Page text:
So I'm currently registered at Whipps Cross hospital in Leytonstone. When the traffic is good, it's about a 15 minute drive from our house. When the traffic is bad, it can be an hour. Hey ho, I guess that's London.
We actually have a nearer hospital - King George's. But my GP was reluctant to refer me there, because when they get full, they overspill to Romford, which has a bit of a crap history of accidentally killing quite a lot of women in labour.
So, as I've hardly been wowed so far by Whipps Cross, I thought the most sensible thing to do would to be to do a tour of both of them. I'm already booked in with Whipps Cross, so I called King George's this morning.
"Hello," I said. "I'd like to book a tour of your maternity wards."
"Are you a patient here?" the member of staff asked.
"No, not yet, but I might be interested in registering," I said.
"I'm sorry," she replied, "but our tours are only for patients who are registered with us."
"But I would like to see the facilities before deciding if I'd like to become a patient or not," I reasoned.
"You can do our virtual tour online," she said.
"Yes," I said through gritted teeth, "but I'd like to have the opportunity to ask questions and to see what it's really like rather than just a series of photos."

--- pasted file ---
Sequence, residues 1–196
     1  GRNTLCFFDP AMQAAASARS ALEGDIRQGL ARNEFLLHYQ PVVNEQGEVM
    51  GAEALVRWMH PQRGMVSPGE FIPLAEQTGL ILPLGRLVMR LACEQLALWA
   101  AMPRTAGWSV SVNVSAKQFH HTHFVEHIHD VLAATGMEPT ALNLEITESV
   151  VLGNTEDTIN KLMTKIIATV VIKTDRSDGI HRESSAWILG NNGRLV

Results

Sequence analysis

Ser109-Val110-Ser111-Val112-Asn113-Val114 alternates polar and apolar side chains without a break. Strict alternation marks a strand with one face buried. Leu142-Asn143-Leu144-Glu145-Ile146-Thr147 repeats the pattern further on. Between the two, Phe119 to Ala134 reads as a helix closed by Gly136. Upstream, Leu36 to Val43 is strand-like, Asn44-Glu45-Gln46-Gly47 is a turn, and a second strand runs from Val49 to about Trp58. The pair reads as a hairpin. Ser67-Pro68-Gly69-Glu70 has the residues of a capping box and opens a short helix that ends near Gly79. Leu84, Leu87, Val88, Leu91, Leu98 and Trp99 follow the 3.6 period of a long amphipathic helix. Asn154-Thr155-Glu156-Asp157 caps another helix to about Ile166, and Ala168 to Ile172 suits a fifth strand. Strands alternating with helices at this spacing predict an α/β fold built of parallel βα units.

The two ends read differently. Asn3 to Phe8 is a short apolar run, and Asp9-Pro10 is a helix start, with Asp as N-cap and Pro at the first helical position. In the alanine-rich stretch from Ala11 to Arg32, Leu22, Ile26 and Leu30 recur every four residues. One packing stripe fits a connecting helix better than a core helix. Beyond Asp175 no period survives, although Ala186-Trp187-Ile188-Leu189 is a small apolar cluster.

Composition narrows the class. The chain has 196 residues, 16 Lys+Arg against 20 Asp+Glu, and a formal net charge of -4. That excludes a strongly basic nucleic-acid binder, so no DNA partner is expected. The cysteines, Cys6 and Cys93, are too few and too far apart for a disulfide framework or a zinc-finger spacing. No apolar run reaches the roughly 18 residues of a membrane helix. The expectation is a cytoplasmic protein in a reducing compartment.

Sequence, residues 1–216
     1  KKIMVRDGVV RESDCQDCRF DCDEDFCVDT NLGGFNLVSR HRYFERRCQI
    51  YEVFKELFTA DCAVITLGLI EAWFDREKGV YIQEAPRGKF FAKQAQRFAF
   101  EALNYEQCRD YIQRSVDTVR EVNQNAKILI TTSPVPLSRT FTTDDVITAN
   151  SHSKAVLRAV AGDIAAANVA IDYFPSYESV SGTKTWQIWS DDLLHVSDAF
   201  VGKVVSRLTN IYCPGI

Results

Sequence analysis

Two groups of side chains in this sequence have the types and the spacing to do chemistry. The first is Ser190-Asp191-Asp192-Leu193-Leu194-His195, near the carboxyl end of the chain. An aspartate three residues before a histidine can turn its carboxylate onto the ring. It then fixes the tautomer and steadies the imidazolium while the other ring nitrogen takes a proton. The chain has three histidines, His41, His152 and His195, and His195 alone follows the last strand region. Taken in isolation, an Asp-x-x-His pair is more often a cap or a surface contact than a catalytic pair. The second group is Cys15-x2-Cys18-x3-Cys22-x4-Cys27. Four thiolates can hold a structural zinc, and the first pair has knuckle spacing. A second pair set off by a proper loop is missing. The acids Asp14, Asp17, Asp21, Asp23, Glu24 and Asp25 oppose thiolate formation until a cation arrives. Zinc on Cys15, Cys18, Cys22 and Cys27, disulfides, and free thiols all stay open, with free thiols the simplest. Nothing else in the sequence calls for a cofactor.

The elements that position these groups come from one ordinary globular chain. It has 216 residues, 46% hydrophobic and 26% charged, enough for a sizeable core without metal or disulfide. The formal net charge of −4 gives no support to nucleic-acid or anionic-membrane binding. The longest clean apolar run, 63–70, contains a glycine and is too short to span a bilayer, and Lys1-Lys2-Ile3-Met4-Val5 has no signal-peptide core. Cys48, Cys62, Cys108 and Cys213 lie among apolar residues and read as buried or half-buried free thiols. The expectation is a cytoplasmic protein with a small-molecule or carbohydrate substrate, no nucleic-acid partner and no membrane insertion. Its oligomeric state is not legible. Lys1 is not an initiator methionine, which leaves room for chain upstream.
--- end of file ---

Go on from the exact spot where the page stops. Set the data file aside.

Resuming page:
"I'm sorry, we don't do that."
"So you're telling me," I argued, losing my temper just a tiny bit, "that although you are my nearest hospital, that I live in your borough and pay taxes... you're telling me I'm forbidden from entering this public building to see facilities I might want to use?"
"Let me get a manager," she said.
And she did. The manager also tried to dissuade me, explaining they didn't have any tours available for "non-patients" for ages (mid-April as it turns out), but she did at least (albeit reluctantly) book me on a tour.
I'm not impressed with either hospital at the moment. Whipps Cross has a switchboard system meaning you need to get through to main reception before dialling your extension. For the last three days, this switchboard has been engaged constantly. I don't mean occasionally. I mean it is literally impossible to speak to anyone at the hospital because there are no direct dial numbers and the switchboard is jammed.
When I finally got through at 4.57 p.m. I got a two-minute recorded message telling me which wards were closed owing to norovirus (great), and then found out all the maternity staff had clocked off early.
Home birth, anyone?